Keystone XL pipeline delays may cost contractors $2.5 billion: TransCanada


CALGARY — TransCanada Corp. has asked the U.S. Ninth Circuit Court of Appeals to lift an injunction on its Keystone XL pipeline by the end of this week, as it approaches an internal deadline to begin construction this year on the US$8-billion project.

Without relief from the injunction, TransCanada could delay construction by one year on the 830,000-barrels-per-day pipeline from Alberta to Nebraska. The project would expand the ability of Canadian oil companies to reach the U.S. Gulf Coast refining market through the company’s existing Keystone system.

In a March 11 filing, the U.S. State Department and Calgary-based pipeline giant requested a stay of an injunction granted late last year by a federal judge in Montana, which forced the company to cease all preparatory work on the oil pipeline until the State Department finished a supplemental review of the project.

Up until that point, TransCanada had mowed 1,500 acres in the U.S. to prepare the pipeline right-of-way, begun constructing three work camps and had prepared 11 of 14 pipe yards. The company had to lay off 650 workers on the project when the Montana court decision came down.

The judge issued the injunction in Nov. 2018 because the project’s environmental impact assessment from 2014 was insufficient and fell short of a “hard look” at factors including a change in oil prices and cultural artifacts along the pipeline’s alternative route through Nebraska.

“Absent a stay, thousands of jobs will be lost, hundreds of millions of dollars in taxes and contractors payments will not occur, and TransCanada will lose earnings of over $900 million,” the motion filed Monday states.

It requests that the injunction “should be stayed in its entirety, or at least insofar as it prohibits pre-construction and construction of the pipeline outside of Nebraska.”

The “urgent motion” also requests action by March 15.

In a previous affidavit, filed in early January, Norrie Ramsay, TransCanada’s senior vice-president, technical centre and liquids projects, said that if the company did not get relief from the injunction by March 15, it would not be able to begin construction as planned in August and would therefore miss the 2019 construction season.

TransCanada’s Keystone XL pipeline has faced legal holdups amid staunch opposition from environmental groups and landowners. Andrew Burton/Getty Images files

Ramsay also detailed the financial consequences of missing that deadline.

“TransCanada estimates that a one-year delay would result in lost earnings before interest, taxes, depreciation, and amortization (EBITDA) of approximately $949 million between March 2021 and March 2022, based on the minimum take-or-pay shipper commitment,” he said in the court filing.

He added the company planned to hire 6,600 workers for the pipeline in 2019 but would be unable to do so and “the total financial harm to third-party construction contractors and U.S. workers would be approximately US$2.56 billion.”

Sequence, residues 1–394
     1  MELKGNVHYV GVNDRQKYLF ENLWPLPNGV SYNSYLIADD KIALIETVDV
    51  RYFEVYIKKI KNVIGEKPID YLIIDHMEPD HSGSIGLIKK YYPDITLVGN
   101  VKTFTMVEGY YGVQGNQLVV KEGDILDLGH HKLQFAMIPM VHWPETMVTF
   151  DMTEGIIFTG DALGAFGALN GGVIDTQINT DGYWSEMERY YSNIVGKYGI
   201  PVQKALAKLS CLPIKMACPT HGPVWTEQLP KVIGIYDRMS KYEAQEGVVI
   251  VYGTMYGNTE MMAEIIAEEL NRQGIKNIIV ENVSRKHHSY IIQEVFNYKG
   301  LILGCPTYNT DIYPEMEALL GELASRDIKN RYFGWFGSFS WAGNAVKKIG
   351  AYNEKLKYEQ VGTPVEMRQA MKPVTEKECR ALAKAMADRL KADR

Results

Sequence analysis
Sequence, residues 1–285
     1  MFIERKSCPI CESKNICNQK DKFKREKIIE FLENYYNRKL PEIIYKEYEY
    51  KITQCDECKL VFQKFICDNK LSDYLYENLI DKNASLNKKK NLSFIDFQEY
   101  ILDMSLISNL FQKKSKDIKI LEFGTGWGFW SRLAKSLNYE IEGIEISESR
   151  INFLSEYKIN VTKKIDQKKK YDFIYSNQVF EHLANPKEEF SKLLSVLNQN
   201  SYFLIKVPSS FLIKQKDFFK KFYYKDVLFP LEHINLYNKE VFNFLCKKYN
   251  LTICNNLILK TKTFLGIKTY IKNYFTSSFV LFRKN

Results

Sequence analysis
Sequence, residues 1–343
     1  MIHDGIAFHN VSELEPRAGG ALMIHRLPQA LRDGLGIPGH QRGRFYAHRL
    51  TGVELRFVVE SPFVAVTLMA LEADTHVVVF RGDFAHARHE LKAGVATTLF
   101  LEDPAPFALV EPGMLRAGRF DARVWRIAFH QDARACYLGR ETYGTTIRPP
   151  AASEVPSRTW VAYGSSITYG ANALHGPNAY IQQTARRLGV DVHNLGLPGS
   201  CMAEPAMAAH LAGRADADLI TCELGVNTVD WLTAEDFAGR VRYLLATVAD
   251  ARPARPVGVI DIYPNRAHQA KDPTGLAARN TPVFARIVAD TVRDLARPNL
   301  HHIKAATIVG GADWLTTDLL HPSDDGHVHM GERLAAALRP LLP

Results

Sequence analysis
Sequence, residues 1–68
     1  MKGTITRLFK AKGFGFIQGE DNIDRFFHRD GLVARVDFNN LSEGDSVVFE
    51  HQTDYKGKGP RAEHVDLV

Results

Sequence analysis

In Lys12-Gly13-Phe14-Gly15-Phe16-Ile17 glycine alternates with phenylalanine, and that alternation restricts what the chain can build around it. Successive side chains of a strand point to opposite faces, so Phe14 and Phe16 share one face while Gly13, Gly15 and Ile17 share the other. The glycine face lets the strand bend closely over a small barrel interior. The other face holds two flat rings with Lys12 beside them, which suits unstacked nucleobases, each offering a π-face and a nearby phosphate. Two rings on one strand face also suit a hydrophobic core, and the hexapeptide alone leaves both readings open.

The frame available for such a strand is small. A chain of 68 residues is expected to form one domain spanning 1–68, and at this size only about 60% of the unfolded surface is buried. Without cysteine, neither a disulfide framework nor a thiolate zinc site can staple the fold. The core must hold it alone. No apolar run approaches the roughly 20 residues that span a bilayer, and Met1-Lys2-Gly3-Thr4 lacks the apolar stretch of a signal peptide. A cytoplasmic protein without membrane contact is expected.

TransCanada spokesperson Matthew John said in an email that it’s impossible to predict how the company’s construction schedule could be impacted because the Ninth Circuit could grant a full stay, a partial stay or no stay.

He also said the company continues to wait on a decision from the Nebraska Supreme Court on a challenge to its route through the state.

The Nebraska Public Utilities Commission approved the Keystone XL pipeline through the state but along an alternative route, rather than the company’s preferred route, which opened the project up to an appeal.

John said a decision on that case could come any day.

Opponents of the Keystone XL pipeline demonstrate in Omaha, Neb. Canadian Press

Keystone XL has been in regulatory limbo in the U.S. for over 10 years because it was opposed by environmental and landowner groups, and eventually rejected by former president Barack Obama, before being approved through an executive order by President Donald Trump.

In that time, Canadian oil production has surpassed available pipeline capacity and domestic companies are increasingly desperate to see a new export pipeline built.

Investment in the Canadian oil and gas sector is expected to decline by five to 10 per cent this year, and mark a fifth consecutive year of investment declines in the oilsands, said Canadian Association of Petroleum Producers vice-president, oilsands and fiscal and economic policy Ben Brunnen.

“If construction were delayed another year on the Keystone XL pipeline, that would have a substantial impact on the upstream oil and gas sector in Canada,” Brunnen said.

He added that crude-by-rail exports would likely jump from their already record-setting levels because all three active pipeline export proposals from Canada have been delayed, including Keystone XL, Enbridge Inc.’s Line 3 project and the federal government’s Trans Mountain pipeline expansion.

“A year in this business now is a lifetime,” said Tristan Goodman, president of the Explorers and Producers Association of Canada, noting that companies are under stress from a continued lack of export capacity.

“Generally, it’s very frustrating because it’s creating a significant cooling effect on how foreign investors look at Canada,” Goodman said.

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